Unfortunately, the proposed rules fail to correct this defect. The proposed rules superficially follow the process specified by law, repeating the definition of an alternatives analysis in §611.105 and describing the project justification criteria in §611.203 (New Starts) and §611.303 (Small Starts). In fact, however, Appendix A illegally separates the Alternatives Analysis from the Cost Effectiveness criteria.
Appendix A defines the Cost Effectiveness calculation as “(1) The annualized cost per trip on the project, where cost includes changes in capital, operating, and maintenance costs compared to: (i) The existing transit system in the current year, or (ii) At the discretion of the project sponsor, both the existing transit system in the current year and the no‐build transit system in the horizon year.” In other words, although transit agencies must consider a “wide range” of alternatives, when it comes to calculating cost effectiveness, the only alternative that need be considered is “the existing transit system in the current year.”
As I stated in my previous comments, a benefit‐cost analysis offers a clear threshold for making decisions: any project whose benefits are less than costs should be rejected. A cost‐effectiveness analysis offers no similar threshold. Thus, it only works when comparing a wide range of alternatives. Only the alternative with the highest cost effectiveness should be selected. By not requiring that the cost‐effective be done in the context of a wide range of alternatives, the proposed rules fail to both meet the requirements of the law and to insure an adequate analysis of proposed projects.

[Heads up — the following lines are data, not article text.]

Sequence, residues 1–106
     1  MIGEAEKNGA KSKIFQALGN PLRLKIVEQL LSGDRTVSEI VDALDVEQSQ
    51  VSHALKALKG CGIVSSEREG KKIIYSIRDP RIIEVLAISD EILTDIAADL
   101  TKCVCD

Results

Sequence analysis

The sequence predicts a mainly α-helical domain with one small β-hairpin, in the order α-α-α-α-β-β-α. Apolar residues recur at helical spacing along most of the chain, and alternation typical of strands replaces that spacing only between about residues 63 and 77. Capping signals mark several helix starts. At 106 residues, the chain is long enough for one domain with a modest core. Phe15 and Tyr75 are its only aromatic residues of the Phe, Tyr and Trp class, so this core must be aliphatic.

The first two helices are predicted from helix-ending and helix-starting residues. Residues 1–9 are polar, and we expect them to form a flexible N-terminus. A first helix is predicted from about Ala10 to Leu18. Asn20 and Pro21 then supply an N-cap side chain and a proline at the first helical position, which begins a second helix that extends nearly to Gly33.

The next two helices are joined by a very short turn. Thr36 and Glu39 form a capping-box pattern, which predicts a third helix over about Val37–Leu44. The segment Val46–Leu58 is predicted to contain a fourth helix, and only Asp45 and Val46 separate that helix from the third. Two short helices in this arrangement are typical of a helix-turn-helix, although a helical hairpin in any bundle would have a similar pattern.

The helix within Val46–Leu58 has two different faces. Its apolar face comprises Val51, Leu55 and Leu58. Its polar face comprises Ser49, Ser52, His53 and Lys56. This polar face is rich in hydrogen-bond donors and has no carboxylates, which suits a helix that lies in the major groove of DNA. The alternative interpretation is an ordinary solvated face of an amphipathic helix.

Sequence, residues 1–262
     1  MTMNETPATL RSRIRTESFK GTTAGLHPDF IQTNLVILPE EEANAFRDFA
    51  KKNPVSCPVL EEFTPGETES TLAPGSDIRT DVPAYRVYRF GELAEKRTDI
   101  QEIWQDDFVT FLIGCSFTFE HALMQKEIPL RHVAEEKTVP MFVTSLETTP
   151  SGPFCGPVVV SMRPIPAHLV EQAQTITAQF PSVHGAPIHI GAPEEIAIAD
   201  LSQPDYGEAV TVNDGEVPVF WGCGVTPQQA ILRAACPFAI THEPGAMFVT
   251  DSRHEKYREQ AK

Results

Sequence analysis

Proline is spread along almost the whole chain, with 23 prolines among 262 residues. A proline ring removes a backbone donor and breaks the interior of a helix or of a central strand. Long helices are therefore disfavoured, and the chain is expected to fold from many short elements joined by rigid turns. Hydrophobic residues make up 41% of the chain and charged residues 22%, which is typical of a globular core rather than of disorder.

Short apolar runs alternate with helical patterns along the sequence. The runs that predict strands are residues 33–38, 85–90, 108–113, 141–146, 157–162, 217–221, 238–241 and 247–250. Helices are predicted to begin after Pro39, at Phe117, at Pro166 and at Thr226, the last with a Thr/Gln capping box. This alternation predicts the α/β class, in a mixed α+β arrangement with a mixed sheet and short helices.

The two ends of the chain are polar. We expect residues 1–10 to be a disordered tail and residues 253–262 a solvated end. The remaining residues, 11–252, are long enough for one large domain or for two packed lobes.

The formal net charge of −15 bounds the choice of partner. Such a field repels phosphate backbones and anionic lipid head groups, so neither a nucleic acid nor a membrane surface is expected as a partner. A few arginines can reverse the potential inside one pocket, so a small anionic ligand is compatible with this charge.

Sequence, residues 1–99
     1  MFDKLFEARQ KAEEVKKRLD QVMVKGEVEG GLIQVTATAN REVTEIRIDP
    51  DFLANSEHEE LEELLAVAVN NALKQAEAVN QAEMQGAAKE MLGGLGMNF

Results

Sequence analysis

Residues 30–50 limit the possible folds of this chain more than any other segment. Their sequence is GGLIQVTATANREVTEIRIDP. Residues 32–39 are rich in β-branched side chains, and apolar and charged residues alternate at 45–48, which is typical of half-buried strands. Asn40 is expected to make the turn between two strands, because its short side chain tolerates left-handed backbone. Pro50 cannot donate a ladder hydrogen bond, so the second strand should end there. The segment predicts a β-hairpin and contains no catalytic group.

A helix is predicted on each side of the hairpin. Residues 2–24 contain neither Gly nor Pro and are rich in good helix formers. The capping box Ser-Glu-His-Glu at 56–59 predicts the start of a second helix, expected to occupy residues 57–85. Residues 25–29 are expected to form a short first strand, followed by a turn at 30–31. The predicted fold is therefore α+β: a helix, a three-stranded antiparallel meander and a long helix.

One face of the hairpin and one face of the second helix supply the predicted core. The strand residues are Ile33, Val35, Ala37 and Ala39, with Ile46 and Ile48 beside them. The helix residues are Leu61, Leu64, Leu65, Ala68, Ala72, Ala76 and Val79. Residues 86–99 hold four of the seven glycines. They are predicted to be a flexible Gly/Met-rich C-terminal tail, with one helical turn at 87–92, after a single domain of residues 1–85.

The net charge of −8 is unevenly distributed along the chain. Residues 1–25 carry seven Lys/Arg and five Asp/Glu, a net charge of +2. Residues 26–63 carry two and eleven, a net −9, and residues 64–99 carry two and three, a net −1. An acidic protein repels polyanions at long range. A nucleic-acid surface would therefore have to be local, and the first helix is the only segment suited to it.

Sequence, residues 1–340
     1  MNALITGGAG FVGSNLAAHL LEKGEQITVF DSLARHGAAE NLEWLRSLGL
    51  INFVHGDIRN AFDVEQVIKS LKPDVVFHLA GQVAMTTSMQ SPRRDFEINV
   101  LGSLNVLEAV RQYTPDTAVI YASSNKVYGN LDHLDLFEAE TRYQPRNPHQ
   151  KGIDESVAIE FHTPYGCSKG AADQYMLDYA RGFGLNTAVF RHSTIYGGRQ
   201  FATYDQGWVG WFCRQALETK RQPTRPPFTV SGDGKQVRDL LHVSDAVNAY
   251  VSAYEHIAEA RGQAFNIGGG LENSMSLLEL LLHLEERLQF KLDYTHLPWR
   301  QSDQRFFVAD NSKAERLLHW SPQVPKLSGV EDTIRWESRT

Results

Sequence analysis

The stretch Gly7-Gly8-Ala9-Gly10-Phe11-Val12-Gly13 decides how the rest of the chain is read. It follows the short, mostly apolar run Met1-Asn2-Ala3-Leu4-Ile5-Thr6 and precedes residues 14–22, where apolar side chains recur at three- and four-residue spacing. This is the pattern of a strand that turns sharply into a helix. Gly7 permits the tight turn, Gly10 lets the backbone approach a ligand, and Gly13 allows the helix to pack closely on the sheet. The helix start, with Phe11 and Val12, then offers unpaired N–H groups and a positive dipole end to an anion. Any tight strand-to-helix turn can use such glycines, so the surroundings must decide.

2. Mobility Improvements
The law states that grants must be justified base on “mobility improvements, environmental benefits, cost effectiveness, operating efficiencies, economic development effects, and public transportation supportive land use policies and future patterns” (49 USC §5309(d)(2)(B)). During project evaluation, the law adds, projects must be considered based on “factors such as (i) congestion relief; (ii) improved mobility; (iii) air pollution; (iv) noise pollution; (v) energy consumption; and (vi) all associated ancillary and mitigation costs necessary” (§5309(d)(3)(D)). Based on the listing of these factors, congestion reduction and mobility improvements are two of the most important criteria in justifying and evaluating projects.